Nonetheless, getting a bathroom renovation by Easy Renovation to change your existing bathroom layout, improve the ambience or add more natural skylights can be worth all the trouble. But determining how much a bathroom renovation would cost is important while setting a budget.

The pandemic has changed a lot of things with social distancing rules, working from home, and for some, being made redundant. Therefore, having a complete grasp of the financial implication of a bathroom innovation is very important.

Owning your dream bathroom can be made a reality and the good thing is, regardless of your financial situation, there are always available options. If you also decide to put up your property for sale in the future, a bathroom upgrade would be a great investment—as it would add significant value to the property. Your bathroom renovation project, like every home renovation, can either be very affordable or extravagant, but one thing is certain, you’re bound to have a more refreshed, stylish and modernistic space.  

Looking through detailed sketches of luxurious and expensive bathrooms can be quite tempting, especially when you’re on a budget. However, your bathroom can be equally transformed into something that looks just as modern, stylish and refreshing but without the heavy price tag.

Conducting a partial bathroom renovation means you only have to change a little part of your existing bathroom rather than tearing it down and starting from scratch. If you intend to carry out this type of bathroom renovation in Toronto, depending on the size of your bathroom, you can spend between $1,000 – $5,000. With a partial bathroom renovation, you can save money by tackling smaller problems that exist in your present bathroom—or you can just upgrade a few of its features.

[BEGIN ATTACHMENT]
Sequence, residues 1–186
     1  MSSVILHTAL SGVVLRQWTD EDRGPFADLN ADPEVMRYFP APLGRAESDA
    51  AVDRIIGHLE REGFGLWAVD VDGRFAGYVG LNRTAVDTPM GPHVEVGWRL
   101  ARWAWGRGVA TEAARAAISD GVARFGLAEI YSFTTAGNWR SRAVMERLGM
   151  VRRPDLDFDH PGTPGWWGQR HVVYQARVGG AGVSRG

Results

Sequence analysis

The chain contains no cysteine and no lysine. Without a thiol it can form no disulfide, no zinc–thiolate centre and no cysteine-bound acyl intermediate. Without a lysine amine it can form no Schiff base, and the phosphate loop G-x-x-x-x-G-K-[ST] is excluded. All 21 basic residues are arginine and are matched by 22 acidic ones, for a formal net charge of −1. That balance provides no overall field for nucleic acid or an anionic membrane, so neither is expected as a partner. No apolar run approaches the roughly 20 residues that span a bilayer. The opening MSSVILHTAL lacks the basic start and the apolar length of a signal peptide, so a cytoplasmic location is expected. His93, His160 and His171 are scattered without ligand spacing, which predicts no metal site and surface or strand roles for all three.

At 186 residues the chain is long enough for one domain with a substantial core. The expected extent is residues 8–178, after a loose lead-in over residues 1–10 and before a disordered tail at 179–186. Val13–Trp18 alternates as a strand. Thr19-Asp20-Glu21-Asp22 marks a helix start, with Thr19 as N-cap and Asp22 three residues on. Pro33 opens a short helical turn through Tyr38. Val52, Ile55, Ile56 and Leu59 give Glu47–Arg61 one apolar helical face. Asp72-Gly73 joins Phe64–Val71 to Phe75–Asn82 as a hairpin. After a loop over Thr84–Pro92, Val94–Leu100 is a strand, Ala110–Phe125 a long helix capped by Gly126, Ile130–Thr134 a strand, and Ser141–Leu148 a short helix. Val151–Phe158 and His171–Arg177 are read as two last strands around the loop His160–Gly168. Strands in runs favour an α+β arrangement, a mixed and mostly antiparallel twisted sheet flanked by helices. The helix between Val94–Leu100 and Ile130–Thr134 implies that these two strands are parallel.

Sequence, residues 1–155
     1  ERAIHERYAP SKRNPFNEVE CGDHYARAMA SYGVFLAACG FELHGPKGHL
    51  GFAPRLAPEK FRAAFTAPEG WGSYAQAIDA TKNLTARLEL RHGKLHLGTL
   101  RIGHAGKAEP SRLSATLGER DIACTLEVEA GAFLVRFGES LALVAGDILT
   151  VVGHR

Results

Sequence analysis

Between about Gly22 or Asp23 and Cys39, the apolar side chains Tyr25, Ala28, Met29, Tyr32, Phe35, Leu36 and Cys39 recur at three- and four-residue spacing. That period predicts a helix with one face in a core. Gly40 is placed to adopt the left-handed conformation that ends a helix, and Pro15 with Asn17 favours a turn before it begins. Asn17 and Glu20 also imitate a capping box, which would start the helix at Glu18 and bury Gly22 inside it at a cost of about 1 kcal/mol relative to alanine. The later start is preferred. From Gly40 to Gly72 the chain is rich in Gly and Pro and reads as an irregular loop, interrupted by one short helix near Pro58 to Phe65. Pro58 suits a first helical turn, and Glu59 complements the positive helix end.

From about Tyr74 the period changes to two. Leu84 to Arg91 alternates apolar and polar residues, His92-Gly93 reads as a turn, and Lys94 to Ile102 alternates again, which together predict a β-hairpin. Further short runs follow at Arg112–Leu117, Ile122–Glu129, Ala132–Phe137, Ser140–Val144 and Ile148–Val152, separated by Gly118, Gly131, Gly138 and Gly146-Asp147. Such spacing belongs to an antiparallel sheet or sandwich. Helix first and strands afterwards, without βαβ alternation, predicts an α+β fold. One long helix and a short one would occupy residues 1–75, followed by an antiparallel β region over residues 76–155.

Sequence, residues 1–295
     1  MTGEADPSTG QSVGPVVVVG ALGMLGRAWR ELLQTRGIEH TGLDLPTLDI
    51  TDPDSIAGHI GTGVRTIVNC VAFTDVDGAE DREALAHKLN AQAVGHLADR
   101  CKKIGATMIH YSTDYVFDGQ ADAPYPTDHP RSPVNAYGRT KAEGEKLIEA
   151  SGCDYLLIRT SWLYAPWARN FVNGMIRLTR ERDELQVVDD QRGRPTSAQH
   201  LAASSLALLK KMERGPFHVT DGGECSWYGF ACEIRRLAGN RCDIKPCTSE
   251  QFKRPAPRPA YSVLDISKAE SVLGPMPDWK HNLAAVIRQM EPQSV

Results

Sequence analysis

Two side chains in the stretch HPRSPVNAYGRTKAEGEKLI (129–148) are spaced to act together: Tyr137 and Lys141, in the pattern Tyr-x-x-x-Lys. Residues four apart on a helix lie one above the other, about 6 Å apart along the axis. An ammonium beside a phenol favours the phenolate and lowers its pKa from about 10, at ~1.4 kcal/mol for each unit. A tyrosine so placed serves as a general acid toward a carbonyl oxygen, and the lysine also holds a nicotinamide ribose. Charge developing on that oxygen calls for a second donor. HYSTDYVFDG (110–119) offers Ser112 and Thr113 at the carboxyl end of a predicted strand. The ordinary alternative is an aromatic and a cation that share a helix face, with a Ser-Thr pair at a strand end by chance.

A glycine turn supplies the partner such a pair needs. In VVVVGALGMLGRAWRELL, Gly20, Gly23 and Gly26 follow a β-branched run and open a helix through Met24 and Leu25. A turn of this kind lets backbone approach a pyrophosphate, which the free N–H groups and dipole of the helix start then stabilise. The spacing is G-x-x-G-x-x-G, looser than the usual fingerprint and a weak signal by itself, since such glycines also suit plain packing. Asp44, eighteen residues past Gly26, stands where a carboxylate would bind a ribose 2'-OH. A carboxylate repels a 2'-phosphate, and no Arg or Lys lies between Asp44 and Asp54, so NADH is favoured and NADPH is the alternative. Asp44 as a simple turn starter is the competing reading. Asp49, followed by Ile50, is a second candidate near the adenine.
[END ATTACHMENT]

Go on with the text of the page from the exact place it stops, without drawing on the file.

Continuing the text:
Partial bathroom renovations are quite affordable and would leave your bathroom feeling new and stylish without being time-consuming or a financial burden—which is important considering the economic impact of the pandemic. Repainting the bathroom walls, replacing the tiles on the floor and in the shower area are examples of partial bathroom renovations which is the cheapest to accomplish.

A more expensive and popular bathroom renovation is the standard 3- or 4-piece renovation. This renovation type involves a lot more services that are not covered by a partial renovation budget. To execute a standard bathroom renovation in Toronto you need a budget of about $10,000 – $15,000.

Unlike with a partial renovation, you would have to make a lot more changes to various elements of your bathroom without the hassle of changing the overall design. You can easily restore your current bathroom into a modernistic and classy space that fits your existing style. Making changes to more aspects of your bathroom is quite easy since there is more room in your budget to accommodate it.

A standard 3- or 4-piece renovation includes everything in a partial renovation plus extras such as revamped baseboards, installing a new bathroom mirror, buying new lights, installing a new vanity, changing the toilet, and buying new shower fixtures.

If you’re one of those looking to make a complete overhaul of your existing bathroom, then the option of a complete bathroom remodel is for you.

Unlike a bathroom renovation, remodelling means a complete change of your current bathroom design and layout for one that is newer and completely unrecognizable. The possibilities when remodelling a bathroom are endless especially when you have a large budget of over $15,000. That way, you can get the opportunity to create the perfect bathroom for yourself.